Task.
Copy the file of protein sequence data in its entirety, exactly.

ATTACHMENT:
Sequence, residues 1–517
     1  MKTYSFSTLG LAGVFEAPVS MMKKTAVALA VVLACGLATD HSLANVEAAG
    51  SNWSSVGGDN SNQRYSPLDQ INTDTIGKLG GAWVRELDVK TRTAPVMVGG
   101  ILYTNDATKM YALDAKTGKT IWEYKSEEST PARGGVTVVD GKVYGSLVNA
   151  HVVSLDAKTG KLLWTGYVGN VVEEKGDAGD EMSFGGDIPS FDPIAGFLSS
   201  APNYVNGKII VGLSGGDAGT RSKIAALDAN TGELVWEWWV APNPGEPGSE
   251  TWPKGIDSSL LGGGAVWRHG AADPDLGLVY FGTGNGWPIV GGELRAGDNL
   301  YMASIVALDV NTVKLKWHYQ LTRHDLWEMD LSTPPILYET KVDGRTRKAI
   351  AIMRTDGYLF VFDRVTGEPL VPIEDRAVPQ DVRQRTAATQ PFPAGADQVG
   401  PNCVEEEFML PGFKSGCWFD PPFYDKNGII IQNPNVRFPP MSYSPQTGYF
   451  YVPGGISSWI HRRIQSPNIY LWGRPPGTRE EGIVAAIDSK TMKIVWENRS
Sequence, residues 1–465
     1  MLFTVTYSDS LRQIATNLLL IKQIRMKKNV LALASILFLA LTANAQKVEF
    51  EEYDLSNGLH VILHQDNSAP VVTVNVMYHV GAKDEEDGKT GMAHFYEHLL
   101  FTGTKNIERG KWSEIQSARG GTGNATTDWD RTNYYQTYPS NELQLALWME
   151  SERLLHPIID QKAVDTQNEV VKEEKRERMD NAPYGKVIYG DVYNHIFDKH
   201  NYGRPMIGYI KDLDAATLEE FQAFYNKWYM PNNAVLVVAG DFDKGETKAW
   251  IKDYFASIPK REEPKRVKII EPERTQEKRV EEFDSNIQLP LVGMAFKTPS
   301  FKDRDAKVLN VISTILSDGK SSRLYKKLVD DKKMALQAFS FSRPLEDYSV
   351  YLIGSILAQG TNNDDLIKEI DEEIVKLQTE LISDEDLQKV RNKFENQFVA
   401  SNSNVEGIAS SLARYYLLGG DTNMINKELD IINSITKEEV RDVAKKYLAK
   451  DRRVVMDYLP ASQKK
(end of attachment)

Sequence, residues 1–517
     1  MKTYSFSTLG LAGVFEAPVS MMKKTAVALA VVLACGLATD HSLANVEAAG
    51  SNWSSVGGDN SNQRYSPLDQ INTDTIGKLG GAWVRELDVK TRTAPVMVGG
   101  ILYTNDATKM YALDAKTGKT IWEYKSEEST PARGGVTVVD GKVYGSLVNA
   151  HVVSLDAKTG KLLWTGYVGN VVEEKGDAGD EMSFGGDIPS FDPIAGFLSS
   201  APNYVNGKII VGLSGGDAGT RSKIAALDAN TGELVWEWWV APNPGEPGSE
   251  TWPKGIDSSL LGGGAVWRHG AADPDLGLVY FGTGNGWPIV GGELRAGDNL
   301  YMASIVALDV NTVKLKWHYQ LTRHDLWEMD LSTPPILYET KVDGRTRKAI
   351  AIMRTDGYLF VFDRVTGEPL VPIEDRAVPQ DVRQRTAATQ PFPAGADQVG
   401  PNCVEEEFML PGFKSGCWFD PPFYDKNGII IQNPNVRFPP MSYSPQTGYF
   451  YVPGGISSWI HRRIQSPNIY LWGRPPGTRE EGIVAAIDSK TMKIVWENRS
Sequence, residues 1–465
     1  MLFTVTYSDS LRQIATNLLL IKQIRMKKNV LALASILFLA LTANAQKVEF
    51  EEYDLSNGLH VILHQDNSAP VVTVNVMYHV GAKDEEDGKT GMAHFYEHLL
   101  FTGTKNIERG KWSEIQSARG GTGNATTDWD RTNYYQTYPS NELQLALWME
   151  SERLLHPIID QKAVDTQNEV VKEEKRERMD NAPYGKVIYG DVYNHIFDKH
   201  NYGRPMIGYI KDLDAATLEE FQAFYNKWYM PNNAVLVVAG DFDKGETKAW
   251  IKDYFASIPK REEPKRVKII EPERTQEKRV EEFDSNIQLP LVGMAFKTPS
   301  FKDRDAKVLN VISTILSDGK SSRLYKKLVD DKKMALQAFS FSRPLEDYSV
   351  YLIGSILAQG TNNDDLIKEI DEEIVKLQTE LISDEDLQKV RNKFENQFVA
   401  SNSNVEGIAS SLARYYLLGG DTNMINKELD IINSITKEEV RDVAKKYLAK
   451  DRRVVMDYLP ASQKK